Discussions about our health care system reached a fevered pitch recently in Washington, D.C. with Congress addressing a massive health care bill. Disagreements abound on various policy matters, but there is no question that our nation's health has deteriorated and health care costs have increased substantially and are not sustainable. We cannot continue accepting poor health and disease as normal, and depending on pharmaceuticals to treat preventable illnesses.
It is critical to promote healthier plant-based eating habits and to lower the risk of disease in the first place. Politicians and the mainstream media have been slow to address the importance of disease prevention; however, the concept is finally beginning to surface, at least in general terms. Shortly after the U.S. House of Representatives voted on the health care bill, an ABC News commentator spoke to a national audience about the need for "fundamental" change and discontinuing our "bad habits," and on CNN, Dr. Andrew Weil highlighted the importance of "disease prevention" and "health promotion." Meanwhile, Michelle Obama has planted an organic garden at the White House and is urging school children to exercise and eat more fruits and vegetables to combat obesity and other lifestyle related health problems.
Congress will begin discussing the federal school lunch program soon, and this provides an opportunity for parents and others concerned about our nation's youth to weigh in and to challenge a system that allows factory farms to profit by selling unhealthy food to children. Each year, the federal government spends more than $1 billion on animal products for programs like the National School Lunch Program. The Prevention of Farm Animal Cruelty Act will prevent the federal government from spending any of this taxpayer money on products from animals raised in veal crates, gestation crates or battery cages. In addition, the Healthy School Meals Act would provide financial incentives to school districts that provide their students with plant-based food options and non-dairy beverages. By educating students about the dramatic benefits of adopting a plant-based diet for the animals, the environment and their health, this law would have a tremendous impact. Contact your legislators now and ask them to support the Prevention of Farm Animal Cruelty Act AND the Healthy School Meals Act.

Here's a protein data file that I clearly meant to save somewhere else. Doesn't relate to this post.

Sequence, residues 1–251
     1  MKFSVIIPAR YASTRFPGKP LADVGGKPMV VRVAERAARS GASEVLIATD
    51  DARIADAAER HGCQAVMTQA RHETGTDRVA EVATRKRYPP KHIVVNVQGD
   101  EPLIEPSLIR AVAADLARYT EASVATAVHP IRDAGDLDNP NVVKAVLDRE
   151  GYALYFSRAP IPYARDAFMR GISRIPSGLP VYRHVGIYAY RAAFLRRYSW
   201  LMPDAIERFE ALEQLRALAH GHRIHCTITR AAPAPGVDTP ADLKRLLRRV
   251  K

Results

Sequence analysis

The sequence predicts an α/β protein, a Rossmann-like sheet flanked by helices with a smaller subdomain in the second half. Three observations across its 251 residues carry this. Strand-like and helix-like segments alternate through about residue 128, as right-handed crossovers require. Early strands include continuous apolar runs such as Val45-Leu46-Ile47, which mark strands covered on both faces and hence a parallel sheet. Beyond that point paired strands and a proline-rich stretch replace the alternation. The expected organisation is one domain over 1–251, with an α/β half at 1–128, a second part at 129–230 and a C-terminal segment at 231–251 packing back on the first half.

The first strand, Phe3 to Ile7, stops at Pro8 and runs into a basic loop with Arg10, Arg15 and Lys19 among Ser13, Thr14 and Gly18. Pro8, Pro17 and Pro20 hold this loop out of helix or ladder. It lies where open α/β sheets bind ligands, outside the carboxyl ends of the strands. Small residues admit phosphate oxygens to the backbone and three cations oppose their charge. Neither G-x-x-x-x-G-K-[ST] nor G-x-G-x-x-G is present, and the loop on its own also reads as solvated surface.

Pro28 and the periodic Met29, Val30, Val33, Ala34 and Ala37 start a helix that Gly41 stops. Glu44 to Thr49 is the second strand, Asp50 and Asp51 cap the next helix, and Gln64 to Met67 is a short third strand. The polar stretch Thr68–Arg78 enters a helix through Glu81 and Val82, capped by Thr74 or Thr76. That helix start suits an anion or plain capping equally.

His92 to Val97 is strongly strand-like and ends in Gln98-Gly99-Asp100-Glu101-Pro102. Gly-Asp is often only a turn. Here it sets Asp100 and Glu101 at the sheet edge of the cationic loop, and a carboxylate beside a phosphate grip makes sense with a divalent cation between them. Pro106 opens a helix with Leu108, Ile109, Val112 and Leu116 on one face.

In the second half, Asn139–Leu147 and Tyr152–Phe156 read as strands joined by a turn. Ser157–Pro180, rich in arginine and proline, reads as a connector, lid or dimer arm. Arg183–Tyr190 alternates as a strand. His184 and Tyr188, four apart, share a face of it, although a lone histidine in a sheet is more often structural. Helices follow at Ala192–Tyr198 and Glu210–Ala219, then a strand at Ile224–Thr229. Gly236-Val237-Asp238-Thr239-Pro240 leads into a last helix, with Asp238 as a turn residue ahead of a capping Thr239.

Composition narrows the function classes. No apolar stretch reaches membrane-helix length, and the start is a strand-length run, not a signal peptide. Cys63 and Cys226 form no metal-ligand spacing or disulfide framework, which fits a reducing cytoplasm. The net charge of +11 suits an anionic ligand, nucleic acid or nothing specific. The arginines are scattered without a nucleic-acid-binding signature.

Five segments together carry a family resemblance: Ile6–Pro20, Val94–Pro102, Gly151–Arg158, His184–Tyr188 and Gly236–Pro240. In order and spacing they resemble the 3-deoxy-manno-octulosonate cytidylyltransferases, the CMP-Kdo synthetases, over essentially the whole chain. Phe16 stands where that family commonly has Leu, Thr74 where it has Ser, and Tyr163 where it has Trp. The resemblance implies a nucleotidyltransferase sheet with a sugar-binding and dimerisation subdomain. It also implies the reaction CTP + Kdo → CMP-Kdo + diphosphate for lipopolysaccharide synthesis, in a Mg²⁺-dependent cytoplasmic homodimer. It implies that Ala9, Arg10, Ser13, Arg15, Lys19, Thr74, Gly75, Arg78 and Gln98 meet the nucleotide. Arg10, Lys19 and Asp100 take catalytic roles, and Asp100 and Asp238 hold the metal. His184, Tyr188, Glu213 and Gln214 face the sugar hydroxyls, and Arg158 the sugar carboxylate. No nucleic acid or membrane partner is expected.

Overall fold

Agribusiness will fight to maintain the status quo, but citizens also have a voice in our democracy, and if we speak up, we can make a difference. The future, individually and collectively, is in our hands.